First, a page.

London Fire Brigade is working with Butterfly Books to produce a new children’s picture book that aims to tackle misconceptions about women’s roles in the emergency services.
My Mummy Is A Firefighter, to be released on 3 March 2020, will be the seventh book in a series of titles for four to seven-year-olds that showcases inspiring female role models undertaking jobs or professions that are stereotypically portrayed as being performed by men.
Previous titles include My Mummy Is A Plumber, My Mummy Is A Scientist and My Mummy Is A Soldier – the latter of which was released in March 2019 in collaboration with The British Army to showcase the diversity of jobs women assume within the forces: from veterinary surgeon to bomb disposal expert.
Currently, around 300 out of London’s 5,000 firefighters are women – just seven per cent.
- The book will tackle gender misconceptions about women’s roles in the emergency services
- Book launch is a partnership with London Fire Brigade and Butterfly Books – the publishing house founded by award winning chartered electrical engineer Kerrine Bryan, which was set up to communicate to children positive messages about professions suffering from skill gaps and lacking diversity
Keeley Foster, Deputy Assistant Commissioner and Head of Culture, Talent and Recruitment at London Fire Brigade said: “The fire service, much like any public service, needs to reflect the diversity of the society it serves. Modern firefighting is much more than just putting out fires, blue lights and sirens.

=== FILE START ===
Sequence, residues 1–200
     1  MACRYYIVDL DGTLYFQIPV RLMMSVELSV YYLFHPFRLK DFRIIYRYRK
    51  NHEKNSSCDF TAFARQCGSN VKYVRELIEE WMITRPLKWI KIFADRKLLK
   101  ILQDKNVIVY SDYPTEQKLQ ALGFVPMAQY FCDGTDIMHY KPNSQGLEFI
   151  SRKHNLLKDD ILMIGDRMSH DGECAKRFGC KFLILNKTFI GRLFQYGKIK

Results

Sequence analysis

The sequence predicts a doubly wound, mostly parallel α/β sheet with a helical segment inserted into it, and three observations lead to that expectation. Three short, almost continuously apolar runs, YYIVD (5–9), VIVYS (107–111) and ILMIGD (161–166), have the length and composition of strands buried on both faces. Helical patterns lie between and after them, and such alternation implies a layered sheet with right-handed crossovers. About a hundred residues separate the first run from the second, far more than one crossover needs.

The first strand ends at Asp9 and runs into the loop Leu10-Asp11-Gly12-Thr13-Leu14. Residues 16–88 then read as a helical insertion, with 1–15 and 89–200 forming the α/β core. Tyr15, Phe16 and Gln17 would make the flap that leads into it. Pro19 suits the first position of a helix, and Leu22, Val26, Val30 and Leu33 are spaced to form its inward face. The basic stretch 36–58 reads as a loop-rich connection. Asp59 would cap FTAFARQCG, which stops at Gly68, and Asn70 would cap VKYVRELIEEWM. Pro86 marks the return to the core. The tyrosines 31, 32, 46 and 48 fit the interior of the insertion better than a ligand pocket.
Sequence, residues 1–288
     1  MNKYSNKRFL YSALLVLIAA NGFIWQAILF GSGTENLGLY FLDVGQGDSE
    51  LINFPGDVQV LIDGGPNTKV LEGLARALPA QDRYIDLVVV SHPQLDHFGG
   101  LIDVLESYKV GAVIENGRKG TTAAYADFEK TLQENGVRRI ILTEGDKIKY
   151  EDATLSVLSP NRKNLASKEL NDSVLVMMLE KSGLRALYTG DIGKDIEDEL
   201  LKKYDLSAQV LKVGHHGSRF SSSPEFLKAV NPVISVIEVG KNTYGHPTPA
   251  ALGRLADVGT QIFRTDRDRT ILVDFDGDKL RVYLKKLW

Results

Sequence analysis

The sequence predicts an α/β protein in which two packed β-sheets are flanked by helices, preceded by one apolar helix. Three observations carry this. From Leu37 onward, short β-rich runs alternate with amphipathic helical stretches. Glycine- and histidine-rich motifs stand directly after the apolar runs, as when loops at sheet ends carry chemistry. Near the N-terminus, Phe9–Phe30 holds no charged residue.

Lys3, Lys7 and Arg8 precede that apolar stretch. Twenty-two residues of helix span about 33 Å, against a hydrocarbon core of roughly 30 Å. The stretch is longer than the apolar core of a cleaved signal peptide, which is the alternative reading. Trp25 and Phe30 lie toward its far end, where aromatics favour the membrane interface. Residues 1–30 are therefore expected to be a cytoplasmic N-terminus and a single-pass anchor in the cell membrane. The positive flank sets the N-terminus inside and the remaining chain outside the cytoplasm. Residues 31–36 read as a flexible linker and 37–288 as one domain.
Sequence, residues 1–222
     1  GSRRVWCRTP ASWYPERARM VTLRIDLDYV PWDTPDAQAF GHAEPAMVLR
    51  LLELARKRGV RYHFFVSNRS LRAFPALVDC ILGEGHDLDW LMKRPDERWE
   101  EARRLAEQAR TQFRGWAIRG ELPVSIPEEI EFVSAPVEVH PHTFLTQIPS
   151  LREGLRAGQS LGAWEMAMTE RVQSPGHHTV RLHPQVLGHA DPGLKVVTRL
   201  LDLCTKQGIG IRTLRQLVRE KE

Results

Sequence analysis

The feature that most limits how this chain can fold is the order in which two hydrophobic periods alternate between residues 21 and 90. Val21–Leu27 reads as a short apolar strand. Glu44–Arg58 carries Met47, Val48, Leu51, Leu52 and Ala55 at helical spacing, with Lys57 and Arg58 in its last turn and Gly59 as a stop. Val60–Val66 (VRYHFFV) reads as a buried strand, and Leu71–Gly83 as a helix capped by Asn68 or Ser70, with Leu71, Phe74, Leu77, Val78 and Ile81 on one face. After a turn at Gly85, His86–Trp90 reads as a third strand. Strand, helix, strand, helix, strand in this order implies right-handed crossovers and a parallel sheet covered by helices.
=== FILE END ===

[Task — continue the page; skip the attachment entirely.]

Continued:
It’s a varied role and there are many career paths that can be pursued within the organisation. From fire prevention work within the community, to specialist rescue skills and working on our fire investigations team. It’s a varied and flexible career path for someone who doesn’t want a desk-based job.
“We haven’t used the term “fireman” in 30 years. It reinforces the misconception that only men can do the job of a firefighter. Our partnership with Butterfly Books will see My Mummy Is A Firefighter sparking children’s imaginations by showing just how many exciting jobs there are for women within the fire brigade.”
London Fire Brigade’s #firefighting sexism campaign is aimed at attracting more women to the fire service and challenging the outdated stereotype that only men can be firefighters.
Founder of Butterfly Books Kerrine Bryan set up the independent publishing house with her brother Jason Bryan in 2015 where, as a STEM ambassador, she volunteered doing talks about her job across the country to children as young as age four in schools as well as students at university.
It was here that she discovered how a lot of misconceptions about the profession of engineering had already permeated in children aged 12 and above – misconceptions of which she believed to be partly responsible for the lack of gender diversity in typically male-dominated professions.
Kerrine commented: “We want children to understand that the world is their oyster, and that they can be anything they want to be if they are passionate, determined and hardworking enough.
“Gender shouldn’t be a barrier to pursuing a dream. But these dreams need to be nurtured and protected from an early age by challenging conventional narratives. Personally, working within a profession where there are fewer women, I know first-hand that if youngsters don’t see people who look like them doing a certain job, then they are less likely to go for it.
“So, we need to work hard to recast our messages and the even the language we use with children to ensure we don’t inhibit broadening of their horizons.”
(Image Credit and Source: London Fire Brigade)